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Watson Peter N.C.; Watt, Verna R.; Chipman, Mary; Birkett, Nicholas; Evans, Ramon J.
doi: 10.1016/0304-3959(91)90076-A
Clinical note: PDF Only

One hundred and fifty-six patients with moderate to severe postherpetic neuralgia (PHN) were followed for up to 11 years. Nearly half of all patients were doing well at the final assessment (median 2 years) and more than half of these were on no therapy at this time. The most commonly used agents associated with a good outcome were antidepressants, topical capsaicin and analgesics of various kinds. Longer duration PHN appeared to have a worse prognosis. More of these patients were noted to be using some form of treatment at follow up. A group of patients seemed to follow a progressive course and were refractory to all treatments used in this study.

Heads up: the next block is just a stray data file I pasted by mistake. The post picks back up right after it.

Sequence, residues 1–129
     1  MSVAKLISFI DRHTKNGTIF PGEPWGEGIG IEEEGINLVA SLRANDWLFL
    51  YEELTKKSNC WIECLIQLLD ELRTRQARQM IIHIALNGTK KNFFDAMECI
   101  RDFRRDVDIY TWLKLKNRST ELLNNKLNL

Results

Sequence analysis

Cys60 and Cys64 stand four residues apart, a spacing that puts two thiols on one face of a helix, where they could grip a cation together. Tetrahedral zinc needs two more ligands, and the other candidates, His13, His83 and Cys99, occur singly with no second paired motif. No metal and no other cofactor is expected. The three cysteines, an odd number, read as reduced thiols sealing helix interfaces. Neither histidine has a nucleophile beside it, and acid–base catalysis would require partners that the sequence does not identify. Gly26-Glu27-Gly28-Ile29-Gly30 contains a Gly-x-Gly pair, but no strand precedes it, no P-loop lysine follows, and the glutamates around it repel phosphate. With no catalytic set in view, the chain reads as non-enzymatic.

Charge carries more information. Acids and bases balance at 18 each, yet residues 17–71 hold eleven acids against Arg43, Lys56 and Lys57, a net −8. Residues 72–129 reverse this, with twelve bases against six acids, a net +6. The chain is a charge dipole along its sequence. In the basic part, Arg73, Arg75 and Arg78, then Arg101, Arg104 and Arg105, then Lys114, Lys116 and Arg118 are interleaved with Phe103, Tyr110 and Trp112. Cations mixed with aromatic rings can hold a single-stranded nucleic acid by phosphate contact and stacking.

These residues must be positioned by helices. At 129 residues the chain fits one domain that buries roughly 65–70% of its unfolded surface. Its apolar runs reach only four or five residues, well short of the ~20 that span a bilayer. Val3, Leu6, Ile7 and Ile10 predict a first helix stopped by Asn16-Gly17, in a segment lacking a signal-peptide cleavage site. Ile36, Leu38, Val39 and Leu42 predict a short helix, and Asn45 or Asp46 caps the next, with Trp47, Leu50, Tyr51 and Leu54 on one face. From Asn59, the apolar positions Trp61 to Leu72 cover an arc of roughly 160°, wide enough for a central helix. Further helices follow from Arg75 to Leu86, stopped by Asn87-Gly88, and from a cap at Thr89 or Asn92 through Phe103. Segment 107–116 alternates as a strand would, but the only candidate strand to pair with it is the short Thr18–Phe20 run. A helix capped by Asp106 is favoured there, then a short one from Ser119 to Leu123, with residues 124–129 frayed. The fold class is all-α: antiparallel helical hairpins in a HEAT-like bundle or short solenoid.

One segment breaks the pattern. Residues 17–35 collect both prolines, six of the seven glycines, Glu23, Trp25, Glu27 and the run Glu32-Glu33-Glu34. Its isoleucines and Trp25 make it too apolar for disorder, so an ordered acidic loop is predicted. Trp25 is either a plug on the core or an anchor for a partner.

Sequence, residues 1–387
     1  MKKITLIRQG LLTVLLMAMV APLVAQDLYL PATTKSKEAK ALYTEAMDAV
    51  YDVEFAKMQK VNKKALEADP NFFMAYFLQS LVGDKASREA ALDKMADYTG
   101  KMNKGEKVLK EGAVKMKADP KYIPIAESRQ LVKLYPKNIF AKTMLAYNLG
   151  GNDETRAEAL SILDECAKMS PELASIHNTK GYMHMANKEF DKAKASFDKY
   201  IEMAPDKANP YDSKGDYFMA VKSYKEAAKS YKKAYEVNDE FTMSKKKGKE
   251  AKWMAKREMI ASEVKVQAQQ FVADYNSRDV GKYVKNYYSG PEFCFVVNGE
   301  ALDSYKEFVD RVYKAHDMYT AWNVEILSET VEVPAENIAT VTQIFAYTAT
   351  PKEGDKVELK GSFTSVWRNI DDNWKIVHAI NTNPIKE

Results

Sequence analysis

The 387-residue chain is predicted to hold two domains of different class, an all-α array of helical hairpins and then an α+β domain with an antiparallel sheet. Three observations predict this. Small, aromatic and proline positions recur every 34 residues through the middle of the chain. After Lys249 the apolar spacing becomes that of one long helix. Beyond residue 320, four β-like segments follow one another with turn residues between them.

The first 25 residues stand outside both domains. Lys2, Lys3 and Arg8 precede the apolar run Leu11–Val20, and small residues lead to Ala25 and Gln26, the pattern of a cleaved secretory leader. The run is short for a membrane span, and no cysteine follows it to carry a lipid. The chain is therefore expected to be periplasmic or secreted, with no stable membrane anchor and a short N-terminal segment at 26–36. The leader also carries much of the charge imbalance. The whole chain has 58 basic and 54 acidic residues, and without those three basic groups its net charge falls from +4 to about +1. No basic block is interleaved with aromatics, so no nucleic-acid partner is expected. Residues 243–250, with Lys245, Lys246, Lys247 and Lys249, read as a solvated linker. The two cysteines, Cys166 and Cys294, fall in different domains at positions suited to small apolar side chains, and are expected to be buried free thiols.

∗Correspondence to: Christopher Peter North Watson, Assistant Professor, Department of Medicine, Irene Eleanor Smythe Pain Clinic, University of Toronto, Toronto, Ont. M5G 2C4, Canada.

Submitted November 6, 1990; revised December 12, 1990; accepted March 29, 1991.

© Lippincott-Raven Publishers.

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